My ex-husband/ex-wife filed for bankruptcy, what do I do?
23 June 2010
There are many concerns that can arise when an ex-spouse files for bankruptcy —too many to address in one or even a few blogs— and every situation is different anyways. So, if you’re in this situation you should immediately meet with a competent bankruptcy lawyer who includes creditor representation as part of his practice (yes, you are likely considered a creditor, and possibly a co-debtor to some debts as well, or at least a “party in interest” in bankruptcy terms).
One concern that absolutely requires assessment by a competent bankruptcy attorney is the property settlement v. support issue. This is important because if your ex-spouse files a chapter 13, they may be trying to discharge (eliminate their personal responsibility for) an obligation they are calling a “property settlement.” You see, an obligation arising from a “property settlement” is dischargeable in a chapter 13, but one arising from a “domestic support obligation” is not dischargeable. So it will be advantageous for them to take the position that the obligation to you arises from a “property settlement” as opposed to a “domestic support obligation.” You may now be pulling your divorce order out to see how the obligation(s) to you are termed. But that will not be the end of it. A bankruptcy court is not controlled by how a state court characterized the obligation(s), but assesses the question according to federal bankruptcy law. In re Peter, No. 02-6295-AA, 2002 U.S. Dist. LEXIS 27329, at * 5 (Bankr. D. Or. Nov. 26, 2002). So, even if your divorce order describes an obligation as a property settlement (or as alimony or some other term). The bankruptcy court may not see it that way. This can make all the difference to you; the difference between receiving all of what is due to you, or just a fraction of it.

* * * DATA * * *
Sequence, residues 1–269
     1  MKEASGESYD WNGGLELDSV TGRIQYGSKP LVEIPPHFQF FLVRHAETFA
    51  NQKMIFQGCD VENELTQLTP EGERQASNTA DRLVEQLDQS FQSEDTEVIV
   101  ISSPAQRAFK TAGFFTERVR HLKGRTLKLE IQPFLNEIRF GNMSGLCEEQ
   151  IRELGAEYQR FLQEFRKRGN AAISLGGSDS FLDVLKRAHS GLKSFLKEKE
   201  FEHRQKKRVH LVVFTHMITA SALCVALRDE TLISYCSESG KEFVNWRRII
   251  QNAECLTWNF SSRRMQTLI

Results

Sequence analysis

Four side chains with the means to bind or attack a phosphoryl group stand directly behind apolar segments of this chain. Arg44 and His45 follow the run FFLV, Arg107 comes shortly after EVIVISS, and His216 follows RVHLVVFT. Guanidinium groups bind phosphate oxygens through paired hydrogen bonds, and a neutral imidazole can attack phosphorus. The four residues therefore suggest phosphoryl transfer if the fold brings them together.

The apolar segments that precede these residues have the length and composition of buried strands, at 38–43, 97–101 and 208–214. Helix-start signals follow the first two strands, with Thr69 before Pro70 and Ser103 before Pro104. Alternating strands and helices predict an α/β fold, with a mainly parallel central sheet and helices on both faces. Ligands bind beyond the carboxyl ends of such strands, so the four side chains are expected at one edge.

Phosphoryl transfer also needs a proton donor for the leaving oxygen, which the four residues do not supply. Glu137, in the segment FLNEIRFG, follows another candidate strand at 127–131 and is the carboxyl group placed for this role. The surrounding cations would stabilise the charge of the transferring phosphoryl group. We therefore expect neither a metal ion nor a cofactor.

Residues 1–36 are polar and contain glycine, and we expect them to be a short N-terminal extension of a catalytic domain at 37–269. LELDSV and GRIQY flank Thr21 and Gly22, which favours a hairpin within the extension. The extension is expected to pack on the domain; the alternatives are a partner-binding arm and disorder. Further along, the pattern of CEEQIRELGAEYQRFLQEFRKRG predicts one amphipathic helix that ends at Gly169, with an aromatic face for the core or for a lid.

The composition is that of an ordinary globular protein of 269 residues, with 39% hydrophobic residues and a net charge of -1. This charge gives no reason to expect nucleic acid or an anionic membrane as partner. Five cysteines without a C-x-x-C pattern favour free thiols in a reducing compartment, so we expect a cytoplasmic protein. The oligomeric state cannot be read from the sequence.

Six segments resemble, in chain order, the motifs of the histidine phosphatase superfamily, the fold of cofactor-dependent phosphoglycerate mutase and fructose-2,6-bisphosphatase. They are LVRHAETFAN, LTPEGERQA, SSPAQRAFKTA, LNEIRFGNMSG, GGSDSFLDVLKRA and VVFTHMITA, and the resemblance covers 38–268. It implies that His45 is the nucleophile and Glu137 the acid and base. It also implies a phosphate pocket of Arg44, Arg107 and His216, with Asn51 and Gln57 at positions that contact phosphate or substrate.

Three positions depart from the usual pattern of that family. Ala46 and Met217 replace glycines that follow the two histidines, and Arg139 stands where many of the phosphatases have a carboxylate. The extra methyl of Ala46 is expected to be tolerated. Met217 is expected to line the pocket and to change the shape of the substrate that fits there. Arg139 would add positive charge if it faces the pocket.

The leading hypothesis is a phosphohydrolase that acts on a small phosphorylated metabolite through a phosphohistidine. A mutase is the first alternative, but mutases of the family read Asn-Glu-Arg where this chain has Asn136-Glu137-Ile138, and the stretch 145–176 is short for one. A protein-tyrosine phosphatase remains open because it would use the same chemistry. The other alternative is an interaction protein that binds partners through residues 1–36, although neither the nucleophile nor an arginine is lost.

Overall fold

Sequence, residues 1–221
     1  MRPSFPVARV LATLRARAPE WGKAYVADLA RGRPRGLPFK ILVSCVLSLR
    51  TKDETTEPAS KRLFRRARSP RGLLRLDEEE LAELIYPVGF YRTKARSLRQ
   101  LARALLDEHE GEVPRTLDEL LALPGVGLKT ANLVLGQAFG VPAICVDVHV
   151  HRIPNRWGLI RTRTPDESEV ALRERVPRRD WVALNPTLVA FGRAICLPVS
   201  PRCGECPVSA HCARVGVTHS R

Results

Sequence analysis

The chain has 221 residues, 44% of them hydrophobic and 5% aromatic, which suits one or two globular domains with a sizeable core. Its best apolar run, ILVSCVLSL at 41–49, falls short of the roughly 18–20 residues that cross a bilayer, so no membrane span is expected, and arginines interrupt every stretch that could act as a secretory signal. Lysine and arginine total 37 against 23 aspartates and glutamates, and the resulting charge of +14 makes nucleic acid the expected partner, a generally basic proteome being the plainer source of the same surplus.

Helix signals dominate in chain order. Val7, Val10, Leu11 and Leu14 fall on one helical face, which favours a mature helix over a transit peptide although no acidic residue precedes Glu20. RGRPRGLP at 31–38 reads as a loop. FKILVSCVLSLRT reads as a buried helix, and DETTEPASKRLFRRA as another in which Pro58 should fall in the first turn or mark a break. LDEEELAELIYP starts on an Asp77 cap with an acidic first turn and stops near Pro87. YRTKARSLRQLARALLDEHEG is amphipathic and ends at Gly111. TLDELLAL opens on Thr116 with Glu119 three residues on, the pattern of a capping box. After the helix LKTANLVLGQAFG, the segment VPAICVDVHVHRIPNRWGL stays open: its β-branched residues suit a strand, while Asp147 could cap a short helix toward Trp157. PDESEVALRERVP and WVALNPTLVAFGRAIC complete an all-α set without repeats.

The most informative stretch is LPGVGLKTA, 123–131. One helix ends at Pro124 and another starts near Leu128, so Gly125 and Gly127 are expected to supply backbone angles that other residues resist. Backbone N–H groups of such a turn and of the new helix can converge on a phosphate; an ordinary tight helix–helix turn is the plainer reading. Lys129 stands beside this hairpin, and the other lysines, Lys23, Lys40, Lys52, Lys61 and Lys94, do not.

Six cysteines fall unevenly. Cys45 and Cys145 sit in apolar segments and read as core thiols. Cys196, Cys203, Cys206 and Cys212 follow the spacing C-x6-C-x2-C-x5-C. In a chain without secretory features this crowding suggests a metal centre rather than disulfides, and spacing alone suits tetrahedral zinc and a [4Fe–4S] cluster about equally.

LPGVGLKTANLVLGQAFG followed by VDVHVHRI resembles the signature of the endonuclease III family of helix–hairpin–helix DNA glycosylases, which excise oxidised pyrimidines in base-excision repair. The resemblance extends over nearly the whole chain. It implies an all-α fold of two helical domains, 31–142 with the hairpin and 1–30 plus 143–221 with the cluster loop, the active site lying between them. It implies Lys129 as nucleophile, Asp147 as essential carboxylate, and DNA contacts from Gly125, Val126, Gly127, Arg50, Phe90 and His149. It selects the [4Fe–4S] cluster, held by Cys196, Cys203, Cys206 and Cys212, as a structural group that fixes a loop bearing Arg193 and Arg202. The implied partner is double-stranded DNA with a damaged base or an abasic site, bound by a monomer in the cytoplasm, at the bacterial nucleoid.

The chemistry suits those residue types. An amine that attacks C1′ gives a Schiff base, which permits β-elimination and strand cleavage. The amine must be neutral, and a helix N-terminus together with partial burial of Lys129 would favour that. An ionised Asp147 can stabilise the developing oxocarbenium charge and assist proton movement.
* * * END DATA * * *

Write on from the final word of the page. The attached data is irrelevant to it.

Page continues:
A few more suggestions; timing, do not wait. Not only are there important deadlines to meet in bankruptcy, but bankruptcy cases generally move faster than other types of legal cases or proceedings. One other suggestion is, do not rely on your divorce lawyer (usually) to properly assess the ramifications of a bankruptcy filing by your ex-spouse. Typically, a divorce lawyer only has a rudimentary knowledge of bankruptcy, as opposed to someone practicing in the field regularly.
If your ex-spouse just filed bankruptcy and you need some help, or you just finished a divorce and have some bankruptcy concerns, feel free to give us a call.